On Sunday the 23rd, the missionaries of the Fraternity – International Humanitarian Federation (FIHF) participated via internet in the second class of the course on Story Telling, administered by Laerte, also a missionary.
One of the objectives of the course is to offer the missionaries another resource, since according to Laerte, “the task of the missionaries demands constant practice in communication, and the Story Telling is really a way of our paying attention to the way people are, in their behavior.”
“I felt it was a tool that can be very useful in the missions. Laerte taught it very well, showing how story telling can be well used,” says Boris, one of the participants in the course who is active in the Roraima Mission. Laerte points out that “the course of the Story Telling does not teach something new. It simple encourages us to remember something that we don’t value. All human beings, in all periods, told stories. What we do is to encourage rediscovering something forgotten.”
That simplicity, added to the teaching skills of Laerte, was also recognized by the missionary Sarah: “The methods Laerte uses are very down-to-earth and applicable. I could see the logical reasoning necessary for the plots used for different ages.”
Considering the importance of the practice of telling a story, Laerte affirms: “Storytelling is an art that preserves and transmits cultural values, and is very important in childhood development. Besides being an act of caring on the part of the adult, it is a recognition that the child can learn a lot through the stories, fables and fairy tales, in a playful and imaginative way.”
Boris re-affirms the importance of this activity for children, and emphasizes: “In a story, not only ideas can be expressed, but also emotions, feelings; it is also educational, passing on ethical principles. Within a human context, to tell a story is a wonderful tool, for example, for helping children that may have some trauma.”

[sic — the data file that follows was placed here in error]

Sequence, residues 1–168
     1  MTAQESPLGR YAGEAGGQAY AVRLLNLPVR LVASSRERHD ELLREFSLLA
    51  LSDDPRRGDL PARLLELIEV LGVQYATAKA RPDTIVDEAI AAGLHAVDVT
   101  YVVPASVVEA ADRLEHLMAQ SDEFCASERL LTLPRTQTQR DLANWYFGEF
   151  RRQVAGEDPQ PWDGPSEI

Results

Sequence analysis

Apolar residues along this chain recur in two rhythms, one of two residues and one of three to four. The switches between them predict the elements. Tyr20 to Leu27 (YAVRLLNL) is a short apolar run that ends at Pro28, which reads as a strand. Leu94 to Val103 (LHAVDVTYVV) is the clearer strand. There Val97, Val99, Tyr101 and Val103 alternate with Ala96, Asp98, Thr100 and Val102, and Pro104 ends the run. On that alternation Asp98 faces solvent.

With a lot of new ideas and encouraged to continue, Boris says that “the native communities have their own stories and we can establish a bridge between the grandparents and the children. I feel that we must continue and deepen this course.”
Concerning the Missions and the art of storytelling, Laerte repeats: “Within the context of emergencies and human crises, where the missions are carried out, there are many people that leave their lives, their histories, and their countries behind. The Missionaries that take them in can be role models for them of how to rebuild their lives. Indirectly, through love, caring and attention, they receive the codes to re-invent their own stories.”
It was exactly that impression of love that Laerte managed to pass on in the classroom, according to what Sarah gauged: “Laerte used strategies of the African culture to tell stories. These have many elements of nature, that with their simplicity, make the story magnificent. One rather unexplainable aspect, but very explicit for the heart, was the love and care he emanates as he tells stories! For me, that was very special.”
The course will continue to make it possible for the missionaries to have that experience of love, which touches the heart, and the storytelling will delight many children and adults in the shelters and in all the Missions.